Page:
(R) This card was produced by C.U. Williams, and is in much better condition than other, similar cards. It may have been mailed in an envelope to Canada.
Late 1904 grant. Still in use, but dwarfed by a huge addition.
(L) On this L.L. Cook photo postcard, some attempts at modernization have occurred. The superfluous railing above the door has been removed.
I estimate the photograph to date to the 1950s.
(L) Photo postcard, image taken in early spring or late autumn.
(R) L.L. Cook card, sharper, but with the front decoration obscured.
Another Patton and Miller Carnegie Library, built between 1903 and 1904, and still in use. (Polo is not a large town.)
Not evident from the Real Photo card, but seen on the Library's website, is its red brick construction.
(R) The printed card is quite ethereal and was mailed to collector Lotta Simpson of Albany, Illinois.
Ridge Farm (Elwood Township)
Many Illinois libraries are Township Libraries, not district libraries or city libraries.
1909 grant. Remarkably, the smallest Carnegie building in Illinois is still in use.
It took 11 of those years to find this postcard.
Just robbing up on my neglected literature.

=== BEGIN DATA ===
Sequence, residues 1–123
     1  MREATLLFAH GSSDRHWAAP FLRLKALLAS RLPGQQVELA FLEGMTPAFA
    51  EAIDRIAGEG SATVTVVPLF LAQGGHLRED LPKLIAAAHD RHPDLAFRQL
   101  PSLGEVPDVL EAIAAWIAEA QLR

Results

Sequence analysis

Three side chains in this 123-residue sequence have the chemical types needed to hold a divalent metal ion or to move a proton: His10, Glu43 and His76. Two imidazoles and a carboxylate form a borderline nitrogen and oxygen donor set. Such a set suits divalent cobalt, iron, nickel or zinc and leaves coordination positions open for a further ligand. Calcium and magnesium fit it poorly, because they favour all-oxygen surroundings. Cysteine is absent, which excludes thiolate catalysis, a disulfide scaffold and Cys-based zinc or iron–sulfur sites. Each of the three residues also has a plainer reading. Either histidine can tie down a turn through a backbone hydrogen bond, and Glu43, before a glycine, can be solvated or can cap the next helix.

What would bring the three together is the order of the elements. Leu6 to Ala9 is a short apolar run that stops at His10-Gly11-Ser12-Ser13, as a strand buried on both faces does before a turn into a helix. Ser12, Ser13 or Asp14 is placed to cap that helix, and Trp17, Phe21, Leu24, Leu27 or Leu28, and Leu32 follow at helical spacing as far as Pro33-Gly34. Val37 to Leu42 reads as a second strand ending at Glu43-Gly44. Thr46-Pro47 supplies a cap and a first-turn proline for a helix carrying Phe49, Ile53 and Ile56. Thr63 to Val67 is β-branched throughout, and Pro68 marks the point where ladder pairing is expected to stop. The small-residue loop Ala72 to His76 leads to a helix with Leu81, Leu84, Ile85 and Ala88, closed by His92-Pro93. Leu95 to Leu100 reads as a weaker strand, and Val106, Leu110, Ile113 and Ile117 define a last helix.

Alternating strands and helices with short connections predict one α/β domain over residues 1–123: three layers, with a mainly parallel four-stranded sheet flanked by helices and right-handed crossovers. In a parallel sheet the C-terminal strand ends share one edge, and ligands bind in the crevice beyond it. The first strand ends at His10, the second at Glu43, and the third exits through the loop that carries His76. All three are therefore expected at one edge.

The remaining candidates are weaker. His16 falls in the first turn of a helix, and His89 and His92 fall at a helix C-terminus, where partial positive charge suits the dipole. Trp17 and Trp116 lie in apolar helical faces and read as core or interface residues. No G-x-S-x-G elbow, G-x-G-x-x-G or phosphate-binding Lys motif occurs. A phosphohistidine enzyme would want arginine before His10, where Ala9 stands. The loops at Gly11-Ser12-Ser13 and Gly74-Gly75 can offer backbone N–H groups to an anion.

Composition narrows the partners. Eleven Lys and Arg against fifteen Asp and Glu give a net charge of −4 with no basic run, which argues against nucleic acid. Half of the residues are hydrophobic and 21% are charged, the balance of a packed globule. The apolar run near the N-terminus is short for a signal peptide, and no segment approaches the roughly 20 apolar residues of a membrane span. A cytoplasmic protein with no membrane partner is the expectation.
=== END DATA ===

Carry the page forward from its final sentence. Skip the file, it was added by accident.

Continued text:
(L) RPPC mailed in 1907.
(R) Photo postcard from the 1940s.
1904 grant. Opened 1906. Replaced 1976. Fate unknown.
The Library's history page has some amusing sections, as did the Crawford County GenWeb.
1915 - The library is catalogued by Miss Fanny Hill.
1920 - The library is fumigated because of smallpox.
One of the communities of the district is Oblong.
You may wonder why the multiview cards are shown. First, each shows the library. Civic pride is a wonderful thing. Second, Robinson was a bit of a boom town, due to oil fields. Ohio Oil (now Marathon) has a heavy industrial presence locally.
Robinson (never to be confused with Robbins) is an example of the variety of Illinois industry.
*Rochelle (Flagg Township Library)
(L) L.L. Cook photo postcard.
(R) This looks like an RPPC, but it's not. It's a product of S.R. McQuown of Monmouth.
The still-functioning Rushville library, with a very functional website, still resides in its functional Carnegie building.